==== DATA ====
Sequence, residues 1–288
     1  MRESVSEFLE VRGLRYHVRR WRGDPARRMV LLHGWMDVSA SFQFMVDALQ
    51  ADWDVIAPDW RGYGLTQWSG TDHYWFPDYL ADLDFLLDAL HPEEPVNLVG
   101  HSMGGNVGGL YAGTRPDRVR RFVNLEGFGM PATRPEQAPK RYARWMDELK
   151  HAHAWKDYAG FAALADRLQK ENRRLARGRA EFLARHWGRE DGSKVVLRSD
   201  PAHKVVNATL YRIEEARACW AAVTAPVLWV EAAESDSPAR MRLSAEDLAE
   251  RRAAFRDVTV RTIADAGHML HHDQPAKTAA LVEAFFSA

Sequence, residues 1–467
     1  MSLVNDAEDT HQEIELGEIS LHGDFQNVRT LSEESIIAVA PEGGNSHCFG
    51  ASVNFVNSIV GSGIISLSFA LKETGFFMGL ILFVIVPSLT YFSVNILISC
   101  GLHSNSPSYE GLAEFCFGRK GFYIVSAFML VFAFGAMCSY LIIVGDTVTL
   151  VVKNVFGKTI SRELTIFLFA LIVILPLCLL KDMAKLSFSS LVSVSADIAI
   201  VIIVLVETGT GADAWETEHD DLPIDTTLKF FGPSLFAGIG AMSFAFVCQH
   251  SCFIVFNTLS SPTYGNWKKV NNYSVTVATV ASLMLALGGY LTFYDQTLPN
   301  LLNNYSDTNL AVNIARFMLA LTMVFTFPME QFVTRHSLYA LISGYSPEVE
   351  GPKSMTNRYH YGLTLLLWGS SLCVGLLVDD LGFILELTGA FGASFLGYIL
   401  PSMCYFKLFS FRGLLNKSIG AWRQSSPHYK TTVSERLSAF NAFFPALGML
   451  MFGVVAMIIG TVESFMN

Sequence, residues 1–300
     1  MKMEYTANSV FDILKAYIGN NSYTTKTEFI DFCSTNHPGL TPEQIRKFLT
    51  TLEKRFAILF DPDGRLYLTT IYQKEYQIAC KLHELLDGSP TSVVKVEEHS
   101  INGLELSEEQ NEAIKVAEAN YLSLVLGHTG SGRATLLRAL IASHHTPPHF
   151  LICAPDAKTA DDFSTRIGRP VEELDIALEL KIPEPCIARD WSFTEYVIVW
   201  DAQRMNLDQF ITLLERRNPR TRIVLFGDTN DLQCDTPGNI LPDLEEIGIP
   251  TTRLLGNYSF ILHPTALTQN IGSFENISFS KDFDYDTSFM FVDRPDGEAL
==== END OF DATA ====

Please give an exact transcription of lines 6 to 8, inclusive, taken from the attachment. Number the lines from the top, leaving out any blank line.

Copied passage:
   201  PAHKVVNATL YRIEEARACW AAVTAPVLWV EAAESDSPAR MRLSAEDLAE
   251  RRAAFRDVTV RTIADAGHML HHDQPAKTAA LVEAFFSA

Sequence, residues 1–467